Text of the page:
The Internet Engineering Task Force (IETF), is a global community of technologists that play a pivotal role in developing technical standards that guide how the internet operates. auDA held a webinar with two long-time IETF participants, Bron Gondwana and Mark Nottingham, where we discussed the standardisation process, its importance to the internet’s function and how to get involved in the IETF ahead of the IETF 199 meeting in Brisbane in 2024. Here are our top five takeaways from the discussion:
1. The IETF has been developing internet standards for more than 50 years
The IETF is a premier standards development organisation for the internet, dedicated to improving the functioning of the internet. Its primary mission is to develop technical standards that enable internet users, network operators and equipment vendors to ensure the internet remains interoperable with seamless communication.
When the internet began emerging, there were many different systems that emerged with it. At that time, the IETF was established to guide the development of individual systems so they would be interoperable.
2. Standardisation is crucial to an interconnected internet
Whether for video conferencing, web browsing, or many other online tasks, computers and servers around the globe require constant, consistent communication with each other. The number and diversity of parties involved in the various levels of internet communication and connection is huge – but this communication can’t happen if different systems don’t talk to each other.
Standardisation of systems ensures different systems can communicate. Unlike humans who can understand variations in language, computers need exact standards to communicate effectively. Standards also need to be precise – any slight deviation from a standard can lead to a communication failure. This reinforces the critical role of the IETF in today’s digital world.
3. Request for Comments (RFCs) are the main output of the IETF
Requests for Comment, or RFCs, are the documents used to define standards and protocols for the internet. The IETF has produced nearly 10,000 RFCs over the years. Each RFC undergoes a rigorous publishing process where a “running code” (a practical implementation test) and a “rough consensus” among IETF participants must be achieved before it is published.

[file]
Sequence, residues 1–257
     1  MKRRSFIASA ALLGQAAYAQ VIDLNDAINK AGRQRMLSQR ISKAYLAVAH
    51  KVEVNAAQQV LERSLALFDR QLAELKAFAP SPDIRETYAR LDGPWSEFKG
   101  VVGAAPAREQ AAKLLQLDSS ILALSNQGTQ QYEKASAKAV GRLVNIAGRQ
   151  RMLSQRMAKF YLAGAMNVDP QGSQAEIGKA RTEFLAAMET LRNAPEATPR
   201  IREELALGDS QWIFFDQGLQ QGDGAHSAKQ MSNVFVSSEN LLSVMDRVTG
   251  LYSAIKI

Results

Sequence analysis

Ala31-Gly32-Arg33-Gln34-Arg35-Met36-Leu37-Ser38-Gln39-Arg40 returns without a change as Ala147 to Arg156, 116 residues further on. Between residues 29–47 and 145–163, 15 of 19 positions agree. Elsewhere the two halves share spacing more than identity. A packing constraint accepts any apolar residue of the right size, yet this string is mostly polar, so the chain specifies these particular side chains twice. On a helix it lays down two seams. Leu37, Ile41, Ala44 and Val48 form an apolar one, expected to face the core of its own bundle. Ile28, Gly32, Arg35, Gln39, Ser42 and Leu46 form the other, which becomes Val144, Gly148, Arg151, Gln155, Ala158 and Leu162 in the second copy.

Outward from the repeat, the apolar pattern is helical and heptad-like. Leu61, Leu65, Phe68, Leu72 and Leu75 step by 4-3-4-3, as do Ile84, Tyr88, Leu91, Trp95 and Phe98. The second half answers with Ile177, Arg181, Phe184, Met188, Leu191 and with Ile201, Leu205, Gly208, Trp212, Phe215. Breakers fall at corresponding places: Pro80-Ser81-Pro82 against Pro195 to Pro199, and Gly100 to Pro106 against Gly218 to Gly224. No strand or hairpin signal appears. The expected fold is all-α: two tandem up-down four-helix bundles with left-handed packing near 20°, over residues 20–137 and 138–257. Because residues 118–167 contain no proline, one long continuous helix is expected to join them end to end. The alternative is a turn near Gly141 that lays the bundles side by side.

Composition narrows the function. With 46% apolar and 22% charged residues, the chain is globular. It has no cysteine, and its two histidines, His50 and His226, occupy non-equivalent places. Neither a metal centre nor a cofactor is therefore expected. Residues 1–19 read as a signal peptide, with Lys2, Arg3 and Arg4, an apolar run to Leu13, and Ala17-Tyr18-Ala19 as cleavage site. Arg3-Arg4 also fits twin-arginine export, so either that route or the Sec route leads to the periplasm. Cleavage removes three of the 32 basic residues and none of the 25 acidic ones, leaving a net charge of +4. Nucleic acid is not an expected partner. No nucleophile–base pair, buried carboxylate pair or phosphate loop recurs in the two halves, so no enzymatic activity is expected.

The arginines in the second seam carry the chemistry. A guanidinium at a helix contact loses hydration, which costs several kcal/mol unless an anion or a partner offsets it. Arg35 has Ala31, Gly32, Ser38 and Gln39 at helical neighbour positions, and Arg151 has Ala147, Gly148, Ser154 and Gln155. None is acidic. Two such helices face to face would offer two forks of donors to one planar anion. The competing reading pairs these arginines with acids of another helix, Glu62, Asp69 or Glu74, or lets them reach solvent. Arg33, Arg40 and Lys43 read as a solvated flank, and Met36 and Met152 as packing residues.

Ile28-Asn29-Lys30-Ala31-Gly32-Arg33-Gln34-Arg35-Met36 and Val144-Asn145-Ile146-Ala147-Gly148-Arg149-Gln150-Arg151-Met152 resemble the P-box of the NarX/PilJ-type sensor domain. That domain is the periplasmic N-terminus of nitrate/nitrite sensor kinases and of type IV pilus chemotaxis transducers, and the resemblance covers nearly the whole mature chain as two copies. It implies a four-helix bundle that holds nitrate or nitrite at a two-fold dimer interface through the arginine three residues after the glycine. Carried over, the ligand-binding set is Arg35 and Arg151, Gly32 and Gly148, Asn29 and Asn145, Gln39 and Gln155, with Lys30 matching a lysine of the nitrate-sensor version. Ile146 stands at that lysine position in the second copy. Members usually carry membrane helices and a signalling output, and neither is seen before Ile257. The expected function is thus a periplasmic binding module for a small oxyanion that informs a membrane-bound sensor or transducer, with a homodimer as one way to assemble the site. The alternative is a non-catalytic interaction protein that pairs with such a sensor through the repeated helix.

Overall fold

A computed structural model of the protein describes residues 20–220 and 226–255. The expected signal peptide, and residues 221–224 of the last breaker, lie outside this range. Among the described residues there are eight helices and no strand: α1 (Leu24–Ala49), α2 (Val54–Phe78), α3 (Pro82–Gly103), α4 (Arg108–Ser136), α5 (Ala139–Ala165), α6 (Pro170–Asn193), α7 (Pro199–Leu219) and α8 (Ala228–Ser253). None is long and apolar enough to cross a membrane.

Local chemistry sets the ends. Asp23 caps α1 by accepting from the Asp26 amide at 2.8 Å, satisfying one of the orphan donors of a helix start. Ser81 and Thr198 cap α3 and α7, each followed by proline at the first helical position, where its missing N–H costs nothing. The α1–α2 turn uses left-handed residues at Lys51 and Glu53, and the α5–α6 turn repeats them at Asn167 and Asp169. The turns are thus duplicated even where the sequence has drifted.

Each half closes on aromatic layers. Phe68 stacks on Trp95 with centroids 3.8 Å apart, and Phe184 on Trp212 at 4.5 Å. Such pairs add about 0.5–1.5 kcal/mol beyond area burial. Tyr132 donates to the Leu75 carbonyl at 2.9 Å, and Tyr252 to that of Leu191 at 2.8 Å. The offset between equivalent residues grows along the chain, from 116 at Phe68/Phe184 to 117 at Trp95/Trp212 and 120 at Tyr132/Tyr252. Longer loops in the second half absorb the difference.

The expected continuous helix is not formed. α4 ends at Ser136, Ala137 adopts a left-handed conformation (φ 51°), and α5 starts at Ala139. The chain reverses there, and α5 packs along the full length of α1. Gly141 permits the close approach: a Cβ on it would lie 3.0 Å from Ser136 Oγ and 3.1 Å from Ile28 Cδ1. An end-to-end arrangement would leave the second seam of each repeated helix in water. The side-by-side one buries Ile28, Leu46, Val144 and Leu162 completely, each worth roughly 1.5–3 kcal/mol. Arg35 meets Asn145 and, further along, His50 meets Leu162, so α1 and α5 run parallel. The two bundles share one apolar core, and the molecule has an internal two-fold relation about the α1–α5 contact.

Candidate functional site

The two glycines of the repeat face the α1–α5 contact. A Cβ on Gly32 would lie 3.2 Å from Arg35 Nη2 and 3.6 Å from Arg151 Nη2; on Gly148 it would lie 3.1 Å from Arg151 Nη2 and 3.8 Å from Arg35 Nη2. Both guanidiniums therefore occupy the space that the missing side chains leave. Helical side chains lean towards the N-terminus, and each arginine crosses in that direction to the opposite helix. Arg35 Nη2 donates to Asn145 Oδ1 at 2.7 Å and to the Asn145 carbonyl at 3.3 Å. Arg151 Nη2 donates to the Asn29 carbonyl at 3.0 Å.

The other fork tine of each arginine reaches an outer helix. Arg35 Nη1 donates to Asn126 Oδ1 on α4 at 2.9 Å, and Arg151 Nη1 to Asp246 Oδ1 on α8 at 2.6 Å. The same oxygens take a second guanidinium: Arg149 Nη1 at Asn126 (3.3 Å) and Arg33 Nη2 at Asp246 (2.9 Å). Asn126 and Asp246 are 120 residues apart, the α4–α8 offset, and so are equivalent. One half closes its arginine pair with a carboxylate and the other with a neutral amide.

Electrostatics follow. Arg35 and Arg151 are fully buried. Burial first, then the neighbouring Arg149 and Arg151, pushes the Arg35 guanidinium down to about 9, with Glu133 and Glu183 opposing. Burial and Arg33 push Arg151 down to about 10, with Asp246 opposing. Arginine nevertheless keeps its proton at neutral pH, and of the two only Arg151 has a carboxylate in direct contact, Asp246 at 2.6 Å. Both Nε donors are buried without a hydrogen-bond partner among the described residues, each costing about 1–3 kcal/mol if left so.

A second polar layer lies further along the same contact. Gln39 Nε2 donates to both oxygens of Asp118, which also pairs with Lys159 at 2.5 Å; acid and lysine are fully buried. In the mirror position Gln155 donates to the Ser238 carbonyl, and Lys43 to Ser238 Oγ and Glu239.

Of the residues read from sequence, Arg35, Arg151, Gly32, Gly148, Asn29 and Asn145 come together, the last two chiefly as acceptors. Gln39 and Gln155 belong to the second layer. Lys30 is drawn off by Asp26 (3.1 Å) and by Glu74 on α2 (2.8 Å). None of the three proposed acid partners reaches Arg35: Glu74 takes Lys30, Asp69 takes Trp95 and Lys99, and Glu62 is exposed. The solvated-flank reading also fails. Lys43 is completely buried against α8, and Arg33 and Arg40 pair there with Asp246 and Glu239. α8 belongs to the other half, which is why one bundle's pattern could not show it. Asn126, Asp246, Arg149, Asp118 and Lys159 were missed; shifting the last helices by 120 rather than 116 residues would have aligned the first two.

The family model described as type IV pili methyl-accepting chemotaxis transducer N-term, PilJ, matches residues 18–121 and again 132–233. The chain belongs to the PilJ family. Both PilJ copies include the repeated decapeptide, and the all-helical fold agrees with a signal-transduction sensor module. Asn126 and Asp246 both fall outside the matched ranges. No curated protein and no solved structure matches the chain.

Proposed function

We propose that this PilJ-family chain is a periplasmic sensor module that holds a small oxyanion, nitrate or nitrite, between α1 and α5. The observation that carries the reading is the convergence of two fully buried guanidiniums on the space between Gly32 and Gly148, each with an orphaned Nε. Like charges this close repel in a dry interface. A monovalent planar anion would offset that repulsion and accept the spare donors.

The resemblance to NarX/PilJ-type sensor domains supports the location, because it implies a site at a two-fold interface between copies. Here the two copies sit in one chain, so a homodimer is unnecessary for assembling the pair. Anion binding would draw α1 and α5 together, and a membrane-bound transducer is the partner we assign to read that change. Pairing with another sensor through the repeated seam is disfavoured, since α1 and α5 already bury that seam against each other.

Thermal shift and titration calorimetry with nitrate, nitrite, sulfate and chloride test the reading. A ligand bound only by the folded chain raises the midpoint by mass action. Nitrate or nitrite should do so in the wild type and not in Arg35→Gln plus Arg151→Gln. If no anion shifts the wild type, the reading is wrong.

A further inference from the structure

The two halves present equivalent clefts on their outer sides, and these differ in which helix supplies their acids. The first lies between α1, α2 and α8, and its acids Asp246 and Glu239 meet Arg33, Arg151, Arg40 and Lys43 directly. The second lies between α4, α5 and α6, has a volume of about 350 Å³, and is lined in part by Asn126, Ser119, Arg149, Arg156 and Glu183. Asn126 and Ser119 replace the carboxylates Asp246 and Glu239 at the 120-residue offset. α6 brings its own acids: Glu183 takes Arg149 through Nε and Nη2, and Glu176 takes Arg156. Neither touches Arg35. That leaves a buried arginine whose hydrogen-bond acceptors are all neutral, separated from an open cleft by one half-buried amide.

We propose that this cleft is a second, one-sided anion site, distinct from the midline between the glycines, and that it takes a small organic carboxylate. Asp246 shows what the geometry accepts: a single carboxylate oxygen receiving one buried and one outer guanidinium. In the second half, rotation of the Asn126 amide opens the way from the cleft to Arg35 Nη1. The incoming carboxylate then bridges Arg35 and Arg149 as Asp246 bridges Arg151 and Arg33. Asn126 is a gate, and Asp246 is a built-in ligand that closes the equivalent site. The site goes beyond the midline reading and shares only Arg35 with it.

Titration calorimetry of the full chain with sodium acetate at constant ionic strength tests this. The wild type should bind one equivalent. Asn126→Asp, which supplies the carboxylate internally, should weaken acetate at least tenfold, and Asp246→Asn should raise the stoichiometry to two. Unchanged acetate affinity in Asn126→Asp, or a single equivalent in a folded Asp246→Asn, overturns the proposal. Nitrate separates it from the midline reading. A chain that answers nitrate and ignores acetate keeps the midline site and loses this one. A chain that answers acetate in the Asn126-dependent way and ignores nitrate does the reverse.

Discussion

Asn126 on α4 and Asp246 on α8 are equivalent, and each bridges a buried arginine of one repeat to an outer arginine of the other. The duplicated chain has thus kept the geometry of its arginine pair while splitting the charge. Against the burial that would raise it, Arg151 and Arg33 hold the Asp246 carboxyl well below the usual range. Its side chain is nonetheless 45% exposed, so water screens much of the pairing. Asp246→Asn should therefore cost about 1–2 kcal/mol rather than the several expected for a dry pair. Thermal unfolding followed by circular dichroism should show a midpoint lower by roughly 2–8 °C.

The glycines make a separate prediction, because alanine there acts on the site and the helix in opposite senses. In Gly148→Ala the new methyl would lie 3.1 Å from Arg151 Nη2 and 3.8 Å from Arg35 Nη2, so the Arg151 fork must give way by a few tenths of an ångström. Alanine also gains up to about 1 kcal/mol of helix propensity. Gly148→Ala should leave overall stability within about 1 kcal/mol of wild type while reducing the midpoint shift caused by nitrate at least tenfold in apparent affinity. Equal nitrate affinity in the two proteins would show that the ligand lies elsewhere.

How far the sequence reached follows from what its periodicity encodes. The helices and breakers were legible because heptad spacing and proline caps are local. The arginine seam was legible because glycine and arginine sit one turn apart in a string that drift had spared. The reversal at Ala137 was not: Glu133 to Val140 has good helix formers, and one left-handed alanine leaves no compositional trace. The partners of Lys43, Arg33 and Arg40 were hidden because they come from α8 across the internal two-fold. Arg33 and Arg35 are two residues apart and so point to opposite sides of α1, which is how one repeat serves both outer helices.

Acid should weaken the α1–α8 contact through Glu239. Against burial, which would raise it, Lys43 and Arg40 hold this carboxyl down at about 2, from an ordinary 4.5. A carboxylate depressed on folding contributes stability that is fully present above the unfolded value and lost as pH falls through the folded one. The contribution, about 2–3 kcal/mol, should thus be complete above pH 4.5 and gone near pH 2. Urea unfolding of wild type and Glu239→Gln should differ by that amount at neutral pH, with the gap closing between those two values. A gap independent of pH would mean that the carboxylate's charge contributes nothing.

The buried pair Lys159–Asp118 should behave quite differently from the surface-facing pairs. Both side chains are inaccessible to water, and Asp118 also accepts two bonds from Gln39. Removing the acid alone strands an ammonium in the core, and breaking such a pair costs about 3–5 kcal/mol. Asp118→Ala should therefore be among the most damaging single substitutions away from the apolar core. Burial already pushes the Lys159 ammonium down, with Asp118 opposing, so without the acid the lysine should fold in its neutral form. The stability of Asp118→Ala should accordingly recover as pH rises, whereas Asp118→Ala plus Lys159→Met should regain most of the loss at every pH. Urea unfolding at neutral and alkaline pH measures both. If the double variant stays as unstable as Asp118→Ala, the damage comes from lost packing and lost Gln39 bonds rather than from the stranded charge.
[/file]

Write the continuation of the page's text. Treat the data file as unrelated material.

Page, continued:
A rough consensus is a decision-making process where most participants agree or do not vehemently object to a proposal. To help support this process, the unique concept of "humming" is sometimes introduced, where participants audibly indicate their support or lack thereof for different options. While total consensus is difficult to achieve, disagreements are addressed and understood before publication.
4. Participation in IETF is open to all
The IETF is a large organisation with multiple working groups involved in different areas of internet technology. It operates on an open and inclusive basis, allowing individuals from diverse affiliations worldwide to participate equally in the development and implementation of standards. Anyone can participate by signing up to a working group mailing list or by registering for an IETF meeting.
IETF participants are considered volunteers and participate as individuals. Longer term commitments to the organisation are encouraged from volunteers to help facilitate the advancement of meaningful progress.
5. If you are looking to get involved in the IETF, now is the perfect time
In March 2024, the IETF119 meeting will be held in Brisbane, Australia for first time. The meeting will focus on observing and learning about the IETF’s operational workings and multi-stakeholder processes. It will be a great entry point for those looking to get involved. Many of the meetups and activities at IETF119 have been specifically designed for newcomers.
In advance of IETF 199, the IETF recommends:
- Checking out its video recording resources from previous IETF sessions
- Identifying mailing lists and working groups of interest (of which there are many) and getting involved in discussions to introduce yourself and understand your areas of technical interest
- Attending the IETF Hackathon and IETF Codesprint which will take place on the weekend prior to the IETF 119 meeting